With the revealing of the newest Doctor (Matt Smith!), I had a little idea. I ADORED River Song quite a lot, and I'm not sure I could tell you why.


She knows it should not bother her when he looks right through her. After all, time is a funny thing and you may sometimes meet someone before they've ever met you. The Doctor has told her this many times.

But it kills her.

His face is familiar, his voice, his actions--everything the same as when they traveled together. Irregularly, but still. Fellow travelers, all the same. It was this Doctor, she recalls, who changed his face before her, and looked so much younger, and yet the eyes were older.

It was his idea to keep a journal, because he so often would drop her back home, with very little explanation. At first she had demanded an answer, but as time progressed, she asked less and less. She knew so little, at first, about him. As the time between trips grew shorter (and the trips grew longer), she learned more. First, about the Time War, though sparse, painful pieces and very little about the Doctor's actual involvement. She learned Gallifrey was gone.

She'd learned he'd had a family before. She'd learned (quickly) about enemies past and present and eternal. She'd learned so many things about the Doctor, and yet knew so little about him, in the end. Sitting there, trying to work out how to vanquish the Vashtanarada, and he had that same manic energy she was so familiar with.

It should not kill her. She knows of other companions, where he suddenly had to leave and left them home for their own safety. Or they had met their unfortunate end. When he talked about Rose, it was in quick, quiet bursts, because no matter how long it had been it still hurt. She'd learned about Donna, too, so to see her standing there next to him, plain as day in the Library, was surprising.

Especially because he had never told River more than that for one shining moment, she took the weight of his past onto herself, and could never remember him, ever. He had finally found a true friend, after so very long, and she had not wanted to leave. She would have rather died.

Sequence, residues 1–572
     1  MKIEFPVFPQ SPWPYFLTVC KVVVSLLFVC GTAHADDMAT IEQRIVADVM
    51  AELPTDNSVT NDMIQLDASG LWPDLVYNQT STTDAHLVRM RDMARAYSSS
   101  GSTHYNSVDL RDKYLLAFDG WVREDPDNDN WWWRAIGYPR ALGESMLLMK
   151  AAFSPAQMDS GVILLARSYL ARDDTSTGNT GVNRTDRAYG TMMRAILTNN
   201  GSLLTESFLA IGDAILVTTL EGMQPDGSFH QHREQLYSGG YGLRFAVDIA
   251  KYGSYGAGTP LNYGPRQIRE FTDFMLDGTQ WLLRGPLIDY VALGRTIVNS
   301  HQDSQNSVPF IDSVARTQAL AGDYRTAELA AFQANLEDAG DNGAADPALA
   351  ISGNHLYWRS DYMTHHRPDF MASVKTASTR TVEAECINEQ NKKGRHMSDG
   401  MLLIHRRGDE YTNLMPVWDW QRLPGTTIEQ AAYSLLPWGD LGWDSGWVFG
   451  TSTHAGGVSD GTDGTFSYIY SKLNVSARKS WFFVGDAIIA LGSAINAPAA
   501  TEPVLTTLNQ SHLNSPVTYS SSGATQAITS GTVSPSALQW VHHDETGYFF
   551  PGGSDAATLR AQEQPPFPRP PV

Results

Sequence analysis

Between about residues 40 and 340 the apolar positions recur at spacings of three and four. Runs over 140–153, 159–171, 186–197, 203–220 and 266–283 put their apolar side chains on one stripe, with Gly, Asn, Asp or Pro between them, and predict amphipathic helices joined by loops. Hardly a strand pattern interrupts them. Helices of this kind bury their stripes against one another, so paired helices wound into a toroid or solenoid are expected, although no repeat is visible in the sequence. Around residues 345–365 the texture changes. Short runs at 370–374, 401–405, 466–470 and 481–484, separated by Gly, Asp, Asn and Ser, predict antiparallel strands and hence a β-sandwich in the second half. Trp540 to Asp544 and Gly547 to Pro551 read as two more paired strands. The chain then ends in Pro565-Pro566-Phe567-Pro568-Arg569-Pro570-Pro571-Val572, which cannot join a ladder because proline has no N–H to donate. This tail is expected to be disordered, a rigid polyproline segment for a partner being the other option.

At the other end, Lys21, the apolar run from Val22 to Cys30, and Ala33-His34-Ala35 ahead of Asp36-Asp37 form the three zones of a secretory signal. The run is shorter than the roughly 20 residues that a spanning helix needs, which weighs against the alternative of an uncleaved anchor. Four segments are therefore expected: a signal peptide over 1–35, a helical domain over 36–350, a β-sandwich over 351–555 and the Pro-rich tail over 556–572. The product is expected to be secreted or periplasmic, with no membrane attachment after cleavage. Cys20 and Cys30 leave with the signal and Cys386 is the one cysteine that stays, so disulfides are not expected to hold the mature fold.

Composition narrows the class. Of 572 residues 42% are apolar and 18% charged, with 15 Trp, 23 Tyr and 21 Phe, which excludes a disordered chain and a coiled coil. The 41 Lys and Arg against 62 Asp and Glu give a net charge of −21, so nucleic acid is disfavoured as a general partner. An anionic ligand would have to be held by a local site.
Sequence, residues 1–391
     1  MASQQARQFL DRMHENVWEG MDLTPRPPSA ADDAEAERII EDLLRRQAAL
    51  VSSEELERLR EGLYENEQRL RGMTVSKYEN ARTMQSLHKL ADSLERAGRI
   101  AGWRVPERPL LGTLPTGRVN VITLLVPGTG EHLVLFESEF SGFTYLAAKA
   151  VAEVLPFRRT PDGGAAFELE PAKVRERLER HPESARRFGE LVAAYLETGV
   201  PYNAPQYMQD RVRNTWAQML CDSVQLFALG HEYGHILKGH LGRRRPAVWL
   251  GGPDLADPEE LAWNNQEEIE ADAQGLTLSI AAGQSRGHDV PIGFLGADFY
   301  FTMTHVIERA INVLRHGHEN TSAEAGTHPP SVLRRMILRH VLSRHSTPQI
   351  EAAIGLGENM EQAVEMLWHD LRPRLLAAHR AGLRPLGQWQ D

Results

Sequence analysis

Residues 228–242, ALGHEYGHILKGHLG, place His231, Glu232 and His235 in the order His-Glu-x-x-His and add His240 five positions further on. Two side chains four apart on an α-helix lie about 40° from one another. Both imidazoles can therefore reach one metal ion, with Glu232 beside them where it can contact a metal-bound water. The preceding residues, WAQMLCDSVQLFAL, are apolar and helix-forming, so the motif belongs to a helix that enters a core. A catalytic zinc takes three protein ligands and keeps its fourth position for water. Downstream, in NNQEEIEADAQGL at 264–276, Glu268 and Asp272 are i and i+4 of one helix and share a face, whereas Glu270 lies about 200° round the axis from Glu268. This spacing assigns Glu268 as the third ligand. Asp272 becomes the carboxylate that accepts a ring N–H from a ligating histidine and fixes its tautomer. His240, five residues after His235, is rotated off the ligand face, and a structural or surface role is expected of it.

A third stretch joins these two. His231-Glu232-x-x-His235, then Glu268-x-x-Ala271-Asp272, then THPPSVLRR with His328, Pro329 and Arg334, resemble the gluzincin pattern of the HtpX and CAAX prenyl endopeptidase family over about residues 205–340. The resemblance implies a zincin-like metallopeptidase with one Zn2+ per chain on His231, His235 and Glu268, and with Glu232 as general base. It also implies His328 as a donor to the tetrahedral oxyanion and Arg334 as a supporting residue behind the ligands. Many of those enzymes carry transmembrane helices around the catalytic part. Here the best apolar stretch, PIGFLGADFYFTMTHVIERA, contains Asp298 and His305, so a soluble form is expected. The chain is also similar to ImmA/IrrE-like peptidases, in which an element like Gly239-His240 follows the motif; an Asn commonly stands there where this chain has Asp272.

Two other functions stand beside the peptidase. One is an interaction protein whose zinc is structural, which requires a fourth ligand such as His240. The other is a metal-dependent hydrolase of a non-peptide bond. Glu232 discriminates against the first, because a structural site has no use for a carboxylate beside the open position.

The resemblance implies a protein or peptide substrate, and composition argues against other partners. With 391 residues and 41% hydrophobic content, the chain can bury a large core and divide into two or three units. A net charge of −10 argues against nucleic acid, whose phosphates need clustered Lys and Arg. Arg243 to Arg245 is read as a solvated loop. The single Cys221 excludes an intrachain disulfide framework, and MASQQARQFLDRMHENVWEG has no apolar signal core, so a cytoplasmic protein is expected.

Because despite his centuries of running and the fear the 'monsters' had of him, at the heart of it he was just one man, and when things struck him deep, they lingered long in him. He can act and pretend, but it seems that though he swears to himself that few will get in, everyone does.

She watches him work, and a smile lingers at her lips, sweet and sad.

When he had given her the Sonic Screwdriver, he hadn't made much of a production of it. They had seen those singing towers, and he had cried. She had asked him, he wouldn't tell. He pulled the screwdriver from his pocket and handed it to her, and said goodbye, properly. And he had been gone.

River Song is not a violent woman, so the strength behind her right hook surprises even her. As she drags him to the wall, she recalls when she had learned his name. He was shaking and scared and breaking down and she was truly, deeply scared. Down to the core. He looked in her eyes, and whispers it in her ear, and the bonds of trust solidified and were like steel between them. She remembers the warm sun on their backs, and the wonderful burn as they ran, his hand in hers. She remembers how lovely a fit it was, and how every time he showed up she fell for him all over again. And how, sometimes, she could get close, and hold him when, in those rare, quiet hours where it finally got to him.

He is crying as she connects the last wires. He wants to know how she knows his name, because there is only every one reason he'd ever say.

Spoilers, of course. Always always spoilers.

He weeps for her as she connects the fatal wire. She feels the energy course through her, burning and searing, and then..suddenly, a light.

She smiles.

Sometimes, when everything goes just right, and the Doctor is there, nobody dies. Everybody lives.

And perhaps this man, who is at the heart of it so much greater than anyone she'd ever known, can, for one fleeting moment, enjoy some happiness.